Boland Amendment Redux
Ron Paul bill to prevent war on Syria.
by Stephen Lendman
In 1982, the House passed the Boland Amendment. It was attached as a rider to the 1983 Defense Appropriations Act.
It cut off CIA and other covert Contra funding. Washington backed them against Daniel Ortega's Sandinista National Liberation Front (FSLN). He led a popular uprising against the hated US-backed Somoza dictatorship.
Bipartisan support backed Boland. Party leaders were outraged about waging covert war without notifying congressional oversight committees as required.
Nonetheless, Reagan ordered the National Security Council to "keep the Contras together, body and soul." Oliver North got operational responsibility. He established a secret network to keep arms flowing.
Dozens of former CIA operatives and retired military personnel were recruited. Evading congressional oversight was planned. CIA head William Casey organized an "off the shelf" scheme. Congress got wind of it. The Iran/Contra scandal followed.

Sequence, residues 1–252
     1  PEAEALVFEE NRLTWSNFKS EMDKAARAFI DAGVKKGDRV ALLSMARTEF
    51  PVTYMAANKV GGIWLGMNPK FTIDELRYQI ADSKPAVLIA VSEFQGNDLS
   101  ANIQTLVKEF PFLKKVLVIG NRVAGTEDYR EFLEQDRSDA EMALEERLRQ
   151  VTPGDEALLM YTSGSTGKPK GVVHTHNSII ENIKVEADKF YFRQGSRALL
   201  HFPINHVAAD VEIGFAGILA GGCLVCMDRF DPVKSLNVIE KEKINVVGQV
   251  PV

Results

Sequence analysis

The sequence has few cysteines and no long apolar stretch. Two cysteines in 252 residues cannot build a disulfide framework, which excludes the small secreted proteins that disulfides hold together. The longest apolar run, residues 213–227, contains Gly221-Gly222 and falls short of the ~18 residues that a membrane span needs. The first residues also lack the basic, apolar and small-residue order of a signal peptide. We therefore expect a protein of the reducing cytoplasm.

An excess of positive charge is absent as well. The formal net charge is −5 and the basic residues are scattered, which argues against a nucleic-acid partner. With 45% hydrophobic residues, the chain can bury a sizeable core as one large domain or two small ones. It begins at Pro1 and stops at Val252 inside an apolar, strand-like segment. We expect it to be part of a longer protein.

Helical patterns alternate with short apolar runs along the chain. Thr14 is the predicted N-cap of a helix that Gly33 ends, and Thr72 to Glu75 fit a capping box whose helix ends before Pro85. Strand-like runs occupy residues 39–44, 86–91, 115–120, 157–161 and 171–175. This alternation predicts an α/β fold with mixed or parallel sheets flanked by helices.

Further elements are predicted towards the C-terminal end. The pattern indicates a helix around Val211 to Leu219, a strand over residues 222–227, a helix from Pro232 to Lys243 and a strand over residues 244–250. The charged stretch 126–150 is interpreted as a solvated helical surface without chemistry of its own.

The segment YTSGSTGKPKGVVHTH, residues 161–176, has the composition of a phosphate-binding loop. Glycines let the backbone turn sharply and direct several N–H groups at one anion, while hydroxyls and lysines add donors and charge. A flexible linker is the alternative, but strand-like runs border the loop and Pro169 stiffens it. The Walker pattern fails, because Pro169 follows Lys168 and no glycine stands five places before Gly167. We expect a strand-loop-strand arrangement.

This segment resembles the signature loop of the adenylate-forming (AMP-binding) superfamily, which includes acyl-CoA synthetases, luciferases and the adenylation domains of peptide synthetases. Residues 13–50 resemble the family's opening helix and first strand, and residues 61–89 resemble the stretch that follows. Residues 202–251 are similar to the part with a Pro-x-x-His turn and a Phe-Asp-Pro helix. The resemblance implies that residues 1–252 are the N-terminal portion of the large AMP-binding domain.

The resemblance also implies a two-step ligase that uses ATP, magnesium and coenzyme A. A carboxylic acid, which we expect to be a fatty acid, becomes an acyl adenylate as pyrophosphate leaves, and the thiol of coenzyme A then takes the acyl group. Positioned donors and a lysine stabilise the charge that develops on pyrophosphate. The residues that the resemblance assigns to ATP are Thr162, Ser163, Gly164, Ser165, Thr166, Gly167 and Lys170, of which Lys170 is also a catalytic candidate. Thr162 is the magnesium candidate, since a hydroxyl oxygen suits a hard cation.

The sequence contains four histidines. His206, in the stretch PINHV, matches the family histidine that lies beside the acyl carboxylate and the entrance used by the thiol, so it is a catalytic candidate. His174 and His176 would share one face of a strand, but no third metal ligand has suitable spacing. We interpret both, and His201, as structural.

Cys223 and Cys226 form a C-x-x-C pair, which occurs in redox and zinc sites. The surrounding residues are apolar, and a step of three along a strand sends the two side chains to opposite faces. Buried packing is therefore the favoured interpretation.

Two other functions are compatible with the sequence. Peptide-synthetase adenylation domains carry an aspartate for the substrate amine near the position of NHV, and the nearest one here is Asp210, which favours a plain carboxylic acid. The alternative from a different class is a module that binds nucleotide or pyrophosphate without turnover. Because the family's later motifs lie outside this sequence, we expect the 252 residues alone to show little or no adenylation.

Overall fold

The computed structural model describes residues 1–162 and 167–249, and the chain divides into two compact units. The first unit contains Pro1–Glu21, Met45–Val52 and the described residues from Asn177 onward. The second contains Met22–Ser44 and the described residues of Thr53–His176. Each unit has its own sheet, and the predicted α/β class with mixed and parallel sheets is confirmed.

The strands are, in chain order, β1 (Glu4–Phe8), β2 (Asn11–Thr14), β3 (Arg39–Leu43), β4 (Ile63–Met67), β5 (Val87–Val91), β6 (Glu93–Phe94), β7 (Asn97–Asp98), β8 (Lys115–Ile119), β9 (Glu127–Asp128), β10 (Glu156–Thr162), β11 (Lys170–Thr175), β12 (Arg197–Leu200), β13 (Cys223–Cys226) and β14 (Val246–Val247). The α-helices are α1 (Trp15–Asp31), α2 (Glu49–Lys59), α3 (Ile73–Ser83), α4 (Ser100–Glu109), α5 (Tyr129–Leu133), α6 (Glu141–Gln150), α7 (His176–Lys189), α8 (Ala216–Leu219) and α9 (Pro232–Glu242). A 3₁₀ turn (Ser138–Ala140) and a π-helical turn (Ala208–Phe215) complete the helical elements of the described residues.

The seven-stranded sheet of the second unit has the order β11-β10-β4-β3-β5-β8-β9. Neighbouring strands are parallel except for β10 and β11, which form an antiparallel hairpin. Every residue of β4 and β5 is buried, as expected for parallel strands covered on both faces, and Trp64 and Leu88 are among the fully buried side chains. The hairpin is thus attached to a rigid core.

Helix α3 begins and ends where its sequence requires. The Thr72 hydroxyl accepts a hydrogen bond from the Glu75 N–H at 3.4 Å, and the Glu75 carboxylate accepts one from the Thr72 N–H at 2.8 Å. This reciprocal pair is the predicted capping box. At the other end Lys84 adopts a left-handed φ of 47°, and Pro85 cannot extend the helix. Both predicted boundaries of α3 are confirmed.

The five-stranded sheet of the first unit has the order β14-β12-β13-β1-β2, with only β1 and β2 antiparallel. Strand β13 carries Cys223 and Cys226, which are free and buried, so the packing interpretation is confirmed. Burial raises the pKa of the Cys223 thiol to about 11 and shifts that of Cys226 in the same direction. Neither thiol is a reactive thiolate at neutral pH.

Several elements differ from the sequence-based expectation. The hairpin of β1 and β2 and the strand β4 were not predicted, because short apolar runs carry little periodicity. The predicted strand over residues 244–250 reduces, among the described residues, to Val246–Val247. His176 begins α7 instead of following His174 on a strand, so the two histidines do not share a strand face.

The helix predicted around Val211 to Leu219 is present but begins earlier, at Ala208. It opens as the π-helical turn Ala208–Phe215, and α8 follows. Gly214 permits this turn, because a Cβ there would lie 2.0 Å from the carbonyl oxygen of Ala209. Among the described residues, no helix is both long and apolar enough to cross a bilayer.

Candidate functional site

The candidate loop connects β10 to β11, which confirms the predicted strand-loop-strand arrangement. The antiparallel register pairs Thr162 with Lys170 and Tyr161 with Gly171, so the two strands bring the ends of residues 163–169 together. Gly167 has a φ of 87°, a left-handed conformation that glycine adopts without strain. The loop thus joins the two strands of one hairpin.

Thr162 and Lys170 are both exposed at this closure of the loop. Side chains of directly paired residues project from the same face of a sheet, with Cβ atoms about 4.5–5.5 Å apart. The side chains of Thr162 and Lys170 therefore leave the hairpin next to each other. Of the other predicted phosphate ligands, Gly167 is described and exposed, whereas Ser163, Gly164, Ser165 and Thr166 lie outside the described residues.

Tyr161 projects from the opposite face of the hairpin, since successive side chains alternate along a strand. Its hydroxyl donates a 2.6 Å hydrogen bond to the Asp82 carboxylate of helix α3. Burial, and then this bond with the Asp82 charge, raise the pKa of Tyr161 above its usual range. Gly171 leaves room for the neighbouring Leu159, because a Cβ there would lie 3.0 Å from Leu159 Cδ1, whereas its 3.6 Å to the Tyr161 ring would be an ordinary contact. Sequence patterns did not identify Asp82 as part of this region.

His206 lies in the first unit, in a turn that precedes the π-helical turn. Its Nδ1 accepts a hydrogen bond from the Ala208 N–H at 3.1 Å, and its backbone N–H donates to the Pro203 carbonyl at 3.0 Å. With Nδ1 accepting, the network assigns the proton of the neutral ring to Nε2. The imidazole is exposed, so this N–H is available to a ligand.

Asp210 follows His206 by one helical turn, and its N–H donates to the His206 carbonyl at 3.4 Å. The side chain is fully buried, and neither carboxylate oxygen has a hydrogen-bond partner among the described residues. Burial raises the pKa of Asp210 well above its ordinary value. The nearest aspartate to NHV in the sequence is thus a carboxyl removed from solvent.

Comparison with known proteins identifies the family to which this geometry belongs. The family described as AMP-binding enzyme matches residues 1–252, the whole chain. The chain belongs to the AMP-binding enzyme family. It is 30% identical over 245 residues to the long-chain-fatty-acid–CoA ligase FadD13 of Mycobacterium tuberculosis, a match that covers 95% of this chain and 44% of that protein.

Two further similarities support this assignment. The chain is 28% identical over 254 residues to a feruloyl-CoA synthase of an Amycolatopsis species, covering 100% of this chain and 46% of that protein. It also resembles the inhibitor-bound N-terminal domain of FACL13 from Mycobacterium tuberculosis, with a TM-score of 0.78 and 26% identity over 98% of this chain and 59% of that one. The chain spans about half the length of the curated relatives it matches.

Boland had the right idea. It's again deja vu. Ron Paul is today's Boland. This time it's with little congressional backing.
On June 21, he introduced HR 5993: The Syria Non-Intervention Act of 2012.
"Blockquote>It "prohibit(s) the use of funds available to the Department of Defense or an element of the intelligence community for the purpose or which would have the effect of supporting, directly or indirectly, military or paramilitary operations in Syria by any nation, group, organization, movement, or individual."
Rep. John Campbell (R. CA) is his only co-sponsor. The measure was referred to the House Permanent Select Committee on Intelligence and Armed Services Committee. No further action so far was taken.
Addressing House members, Paul said:
"The Administration is marching toward another war in the Middle East, this time against Syria. As with the president's war against Libya, Congress has been frozen out of the process."
"The Constitution, which grants Congress and only Congress the authority to declare war, is once again being completely ignored."
Attacking Syria "makes no sense. (It's) not in our interest. (It'll) make matters worse."